INSTITUTO DE DIVERSIDAD Y ECOLOGIA ANIMAL
Unidad Ejecutora - UE
Recluse spiders produce flattened silk rapidly using a highly modified, self-sufficient spinning apparatus
MAGALHAES, I.L.F.; SCIOSCIA, C.L.; RAVELO, A.M.; RAMÍREZ, M.J.; PERETTI, A.V.; MICHALIK, P.
JOURNAL OF ZOOLOGY (1987)
WILEY-BLACKWELL PUBLISHING, INC
Año: 2017 vol. 303 p. 27 - 27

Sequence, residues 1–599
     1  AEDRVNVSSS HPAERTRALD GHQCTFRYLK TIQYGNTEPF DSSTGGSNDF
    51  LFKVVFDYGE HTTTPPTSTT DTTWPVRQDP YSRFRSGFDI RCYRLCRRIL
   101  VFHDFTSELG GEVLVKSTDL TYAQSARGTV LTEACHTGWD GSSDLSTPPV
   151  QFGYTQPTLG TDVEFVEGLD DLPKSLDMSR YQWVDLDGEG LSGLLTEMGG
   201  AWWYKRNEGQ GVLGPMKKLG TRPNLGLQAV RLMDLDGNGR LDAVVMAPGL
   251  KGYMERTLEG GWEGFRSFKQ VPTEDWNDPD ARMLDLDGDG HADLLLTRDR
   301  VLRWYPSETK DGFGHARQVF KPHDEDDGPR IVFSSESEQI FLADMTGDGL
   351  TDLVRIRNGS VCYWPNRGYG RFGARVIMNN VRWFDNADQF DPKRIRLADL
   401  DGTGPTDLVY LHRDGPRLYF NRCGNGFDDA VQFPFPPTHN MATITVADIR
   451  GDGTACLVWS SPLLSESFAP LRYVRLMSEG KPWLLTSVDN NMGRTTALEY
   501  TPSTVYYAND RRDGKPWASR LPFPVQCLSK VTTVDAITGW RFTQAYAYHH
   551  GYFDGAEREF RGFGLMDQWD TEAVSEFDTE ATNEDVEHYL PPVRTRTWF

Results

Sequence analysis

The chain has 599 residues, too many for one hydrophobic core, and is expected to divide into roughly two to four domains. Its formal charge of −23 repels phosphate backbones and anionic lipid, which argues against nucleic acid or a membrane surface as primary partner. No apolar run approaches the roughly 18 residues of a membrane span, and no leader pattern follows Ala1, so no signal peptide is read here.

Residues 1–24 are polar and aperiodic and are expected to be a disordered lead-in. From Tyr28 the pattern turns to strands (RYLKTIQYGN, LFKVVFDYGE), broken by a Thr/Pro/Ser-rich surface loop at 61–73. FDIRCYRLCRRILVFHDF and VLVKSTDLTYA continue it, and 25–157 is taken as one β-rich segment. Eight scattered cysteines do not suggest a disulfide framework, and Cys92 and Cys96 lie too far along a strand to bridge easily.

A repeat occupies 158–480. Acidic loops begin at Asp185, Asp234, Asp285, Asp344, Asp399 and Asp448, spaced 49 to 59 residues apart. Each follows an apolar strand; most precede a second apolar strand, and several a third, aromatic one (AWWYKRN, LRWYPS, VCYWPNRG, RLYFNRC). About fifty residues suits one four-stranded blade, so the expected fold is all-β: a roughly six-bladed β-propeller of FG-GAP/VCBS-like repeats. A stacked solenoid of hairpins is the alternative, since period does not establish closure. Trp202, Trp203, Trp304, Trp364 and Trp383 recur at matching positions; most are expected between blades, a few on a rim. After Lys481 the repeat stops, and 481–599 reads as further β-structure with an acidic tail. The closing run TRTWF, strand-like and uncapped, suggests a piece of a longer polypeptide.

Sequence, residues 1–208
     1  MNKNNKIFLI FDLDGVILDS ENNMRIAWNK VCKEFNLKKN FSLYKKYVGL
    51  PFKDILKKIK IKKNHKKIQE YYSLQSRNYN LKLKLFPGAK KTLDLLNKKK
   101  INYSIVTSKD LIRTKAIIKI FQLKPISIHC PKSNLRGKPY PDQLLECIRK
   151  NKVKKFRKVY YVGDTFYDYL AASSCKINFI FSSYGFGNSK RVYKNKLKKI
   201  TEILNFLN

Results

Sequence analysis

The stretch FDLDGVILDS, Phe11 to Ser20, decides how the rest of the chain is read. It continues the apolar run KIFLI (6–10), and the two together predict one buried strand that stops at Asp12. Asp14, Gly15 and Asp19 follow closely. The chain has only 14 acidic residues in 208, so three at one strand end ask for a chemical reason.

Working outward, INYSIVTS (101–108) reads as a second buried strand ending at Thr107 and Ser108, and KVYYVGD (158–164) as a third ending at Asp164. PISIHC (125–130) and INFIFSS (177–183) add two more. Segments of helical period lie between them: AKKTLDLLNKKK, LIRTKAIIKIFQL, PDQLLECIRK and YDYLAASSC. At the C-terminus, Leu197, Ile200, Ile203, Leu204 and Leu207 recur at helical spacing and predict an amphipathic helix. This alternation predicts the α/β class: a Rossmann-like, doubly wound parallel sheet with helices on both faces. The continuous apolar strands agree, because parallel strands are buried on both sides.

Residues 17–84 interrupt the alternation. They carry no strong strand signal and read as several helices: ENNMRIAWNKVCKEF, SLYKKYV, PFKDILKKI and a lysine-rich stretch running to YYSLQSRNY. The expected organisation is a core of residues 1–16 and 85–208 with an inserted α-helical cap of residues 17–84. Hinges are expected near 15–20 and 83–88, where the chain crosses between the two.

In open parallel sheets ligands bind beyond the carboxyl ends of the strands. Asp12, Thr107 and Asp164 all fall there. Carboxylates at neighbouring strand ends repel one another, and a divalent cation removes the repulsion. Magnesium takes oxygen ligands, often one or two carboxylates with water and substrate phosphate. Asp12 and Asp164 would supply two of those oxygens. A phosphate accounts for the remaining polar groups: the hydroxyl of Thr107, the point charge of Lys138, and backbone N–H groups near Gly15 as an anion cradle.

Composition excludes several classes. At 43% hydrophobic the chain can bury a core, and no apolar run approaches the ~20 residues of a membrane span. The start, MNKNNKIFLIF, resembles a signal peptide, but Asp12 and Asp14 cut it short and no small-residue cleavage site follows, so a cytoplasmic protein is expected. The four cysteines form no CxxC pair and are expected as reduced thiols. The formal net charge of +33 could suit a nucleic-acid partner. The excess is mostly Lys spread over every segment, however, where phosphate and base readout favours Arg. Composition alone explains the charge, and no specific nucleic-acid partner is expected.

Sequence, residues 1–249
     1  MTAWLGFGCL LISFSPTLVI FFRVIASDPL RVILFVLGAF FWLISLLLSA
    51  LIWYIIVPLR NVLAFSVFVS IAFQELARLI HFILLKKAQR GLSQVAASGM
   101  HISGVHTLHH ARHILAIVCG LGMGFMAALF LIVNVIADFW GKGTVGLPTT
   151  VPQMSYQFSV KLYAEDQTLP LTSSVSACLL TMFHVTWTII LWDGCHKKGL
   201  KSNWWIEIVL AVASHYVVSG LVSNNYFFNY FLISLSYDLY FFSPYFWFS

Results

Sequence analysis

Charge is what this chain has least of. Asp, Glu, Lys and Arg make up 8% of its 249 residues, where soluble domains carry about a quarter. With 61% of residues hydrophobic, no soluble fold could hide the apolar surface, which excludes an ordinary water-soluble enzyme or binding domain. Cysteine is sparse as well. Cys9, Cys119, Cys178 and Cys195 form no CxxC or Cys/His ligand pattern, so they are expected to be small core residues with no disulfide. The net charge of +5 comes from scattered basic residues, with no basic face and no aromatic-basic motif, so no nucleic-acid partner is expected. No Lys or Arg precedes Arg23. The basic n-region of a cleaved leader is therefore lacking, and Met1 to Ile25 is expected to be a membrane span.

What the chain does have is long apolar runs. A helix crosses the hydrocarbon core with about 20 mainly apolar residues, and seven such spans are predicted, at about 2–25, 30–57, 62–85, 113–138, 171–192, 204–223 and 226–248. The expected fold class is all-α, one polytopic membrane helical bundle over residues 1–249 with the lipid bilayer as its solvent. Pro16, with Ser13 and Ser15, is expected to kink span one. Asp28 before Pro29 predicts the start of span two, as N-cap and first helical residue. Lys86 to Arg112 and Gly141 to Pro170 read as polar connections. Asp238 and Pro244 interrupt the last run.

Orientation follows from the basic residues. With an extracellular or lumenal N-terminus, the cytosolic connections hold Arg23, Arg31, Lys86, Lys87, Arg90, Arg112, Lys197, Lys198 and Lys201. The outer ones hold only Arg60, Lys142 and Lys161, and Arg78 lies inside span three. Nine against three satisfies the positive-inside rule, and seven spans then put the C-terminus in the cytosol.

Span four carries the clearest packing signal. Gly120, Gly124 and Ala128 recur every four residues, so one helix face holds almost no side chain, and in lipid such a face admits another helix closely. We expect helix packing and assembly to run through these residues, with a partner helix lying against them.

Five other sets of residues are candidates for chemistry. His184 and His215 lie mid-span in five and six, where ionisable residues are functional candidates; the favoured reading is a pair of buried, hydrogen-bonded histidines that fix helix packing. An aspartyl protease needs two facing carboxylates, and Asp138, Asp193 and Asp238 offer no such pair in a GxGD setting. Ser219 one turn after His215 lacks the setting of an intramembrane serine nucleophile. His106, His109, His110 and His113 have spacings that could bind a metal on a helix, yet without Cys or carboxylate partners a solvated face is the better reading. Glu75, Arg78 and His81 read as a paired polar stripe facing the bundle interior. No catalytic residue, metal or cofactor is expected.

Arthropod silk is among the most remarkable materials produced by animals, and is diverse in chemical composition and strand morphology. Different types of silk are produced by different spinning processes, and spiders show the greatest diversity in both. Extremely flattened silk strands with exceptional properties are spun by recluse spiders (Loxosceles spp.) using a single pair of spigots, but this spinning process remains unknown. We here combine movies, electron microscopy, and X-ray microscopy to investigate how Loxosceles laeta spin their peculiar silk. We found that L. laeta show a unique weaving behaviour: the two anterior lateral spinnerets move very rapidly (8.5-13 times per second), each spinning a single strand of silk that is held by the posterior spinnerets; the silk is never pulled with the legs. Outgroup comparison with closely related spider families reveals that recluse spiders have a highly modified spinneret morphology, with elongate anterior spinnerets, a diastema between the spinnerets, modified setae that possibly help holding the silk strands, and long and thin muscles associated to the spinnerets. In contrast to all other arthropods, these morphological specializations allow them to rapidly spin without using the legs or the substrate - revealing the first self-sufficient spinning apparatus in arthropods. This explains how a dense, sticky silk can be constructed from a single pair of spigots in a fast manner.